This is a question I was asked by three different business owners in a single week recently, which is my cue for a blog post!
I’ve had a list of email addresses for a while and haven’t done anything with them. Can I use this list for email marketing?
Woah, don’t load that list up into your email marketing platform and start sending emails, because there are a number of different things you need to consider here. And even if it turns out to be GDPR compliant, it might not be a great idea to send those emails for other reasons. Read on to find out more…
(Please note I’m not a GDPR expert, the following is what I’ve learned from my own research).
Did you buy the list from someone else?
In this scenario you may have bought a list of emails from a lead generation agency, or perhaps you have booked a stand at an exhibition and the exhibition organisers are offering to sell you a list of visitor emails. Can you use these lists in email marketing?
Be very careful here. The PECR (Privacy and Electronic Communications Regulations) sit alongside the Data Protection Act and GDPR and state that organisations ‘must have very specific consent for this type of marketing, and in most cases indirect consent (ie consent originally given to another organisation) will not be enough.’
It goes on to say ‘Organisations must check how and when consent was obtained, by whom, and what the customer was told. It is not acceptable to rely on assurances of indirect consent without undertaking proper due diligence, to demonstrate consent if challenged. Organisations seeking to rely on consent must ensure that consent was validly obtained, that it was reasonably recent, and that it clearly extended to them specifically or to organisations fitting their description.’
You can read the full guidance on using a bought marketing list on page 51, here.
The rules for business to business emails are more relaxed (see page 44, here) but it’s worth noting that sole traders and some partnerships are considered to be individuals, so if you have a list of mixed corporate/business and sole trader subscribers (which is true for many of us in the small business world) the rules for individuals will apply.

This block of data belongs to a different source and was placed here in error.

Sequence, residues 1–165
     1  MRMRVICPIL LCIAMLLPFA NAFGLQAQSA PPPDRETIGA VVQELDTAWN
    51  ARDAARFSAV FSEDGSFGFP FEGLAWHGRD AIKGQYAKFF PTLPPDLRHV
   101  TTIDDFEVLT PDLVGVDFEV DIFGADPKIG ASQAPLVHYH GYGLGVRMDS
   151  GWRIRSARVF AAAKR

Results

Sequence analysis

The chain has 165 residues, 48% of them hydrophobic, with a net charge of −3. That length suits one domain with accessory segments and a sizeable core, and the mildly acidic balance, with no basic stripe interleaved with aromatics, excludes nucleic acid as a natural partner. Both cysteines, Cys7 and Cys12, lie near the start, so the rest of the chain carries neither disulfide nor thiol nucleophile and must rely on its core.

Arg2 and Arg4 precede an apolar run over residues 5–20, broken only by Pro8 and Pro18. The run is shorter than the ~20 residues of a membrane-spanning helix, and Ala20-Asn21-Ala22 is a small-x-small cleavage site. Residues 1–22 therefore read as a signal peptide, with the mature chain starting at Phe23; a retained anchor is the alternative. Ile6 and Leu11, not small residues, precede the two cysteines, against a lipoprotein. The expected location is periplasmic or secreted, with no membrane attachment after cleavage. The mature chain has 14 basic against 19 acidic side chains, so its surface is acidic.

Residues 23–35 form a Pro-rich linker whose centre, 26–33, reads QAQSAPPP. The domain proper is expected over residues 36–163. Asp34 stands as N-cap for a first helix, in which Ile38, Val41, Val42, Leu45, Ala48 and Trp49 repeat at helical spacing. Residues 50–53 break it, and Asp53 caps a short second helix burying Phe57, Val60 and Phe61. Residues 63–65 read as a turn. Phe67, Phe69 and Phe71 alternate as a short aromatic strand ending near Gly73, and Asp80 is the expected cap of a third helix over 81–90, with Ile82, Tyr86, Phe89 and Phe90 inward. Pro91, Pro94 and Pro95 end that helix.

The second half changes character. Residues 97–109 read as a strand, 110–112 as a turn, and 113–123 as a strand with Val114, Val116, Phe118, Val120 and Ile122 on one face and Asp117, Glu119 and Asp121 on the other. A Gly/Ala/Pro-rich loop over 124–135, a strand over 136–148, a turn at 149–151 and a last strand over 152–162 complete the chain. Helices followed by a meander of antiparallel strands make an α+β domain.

If you manage to stay on the right side of PECR and GDPR when buying a list, which is not easy, you’ll also need to look at the terms of your email marketing platform. Most don’t allow you to upload bought lists and will close your account if they find out you’ve done this.
Did you collect the subscribers on your own site, but some time ago?
It depends when and how you collected those subscribers. If they were collected before May 2018, the chances are that this data won’t have been collected to the standards required by GDPR, for example if subscribers have downloaded a PDF but not also consented to receive marketing emails. In that case, it’s best to send these subscribers an email asking them to resubscribe to your list, then delete the ones who don’t.
If you’ve complied with GDPR and PECR and your subscribers have been on your list for more than a few months with no contact from you, then you also need to be careful. Although you aren’t breaking any rules, your subscribers may well have forgotten that they subscribed and could consider your emails to be spam. To avoid them clicking the ‘report spam’ button, try a ‘warm up campaign’ by reintroducing yourself, reminding them that they subscribed to your list (and where they subscribed) and how staying subscribed to your mailing list will make their lives better.
You will want to minimise the chances of your subscribers reporting you as a spammer because this affects deliverability.
Did you collect the subscribers yourself, but on a different site from the one you’re promoting now?
You have two websites, can you use the list of subscribers you collected from one site to promote products and/or services sold on the other? Not unless they have consented to receive marketing emails on the material on both sites.
Are they business email addresses (so you think they don’t count for GDPR purposes)?
Many people assume that because business emails are shown freely on business websites, it’s fair game for lead generation agencies to take them and add to a list. This is isn’t true, because even ‘work’ emails contain personal data in the form of the person’s name, and that means GDPR applies.
You could use a non-name based email such as firstname.lastname@example.org but these are pretty ineffective for email marketing as they are usually shared mailboxes that fill up with spam. And you shouldn’t use non-business emails because these very definitely contain personal data in the form of the person’s name.
Also, see ‘The rules for business to business emails are more relaxed…’ under ‘Did you buy the list from someone else?’, above.
How to build a list the right way
The safest and most effective way to build a mailing list is to have your subscribers willingly and happily opt in to receiving your emails. This will keep you on the right side of all the regulations, your email marketing platform, and give you the best open and click rate for your emails. There’s more on this in my post How to grow your list like a human being.
If you’d like more posts like this, please sign up to my newsletter. I’ll also send you a set of free cut-and-paste email templates to help you automate your sales and marketing.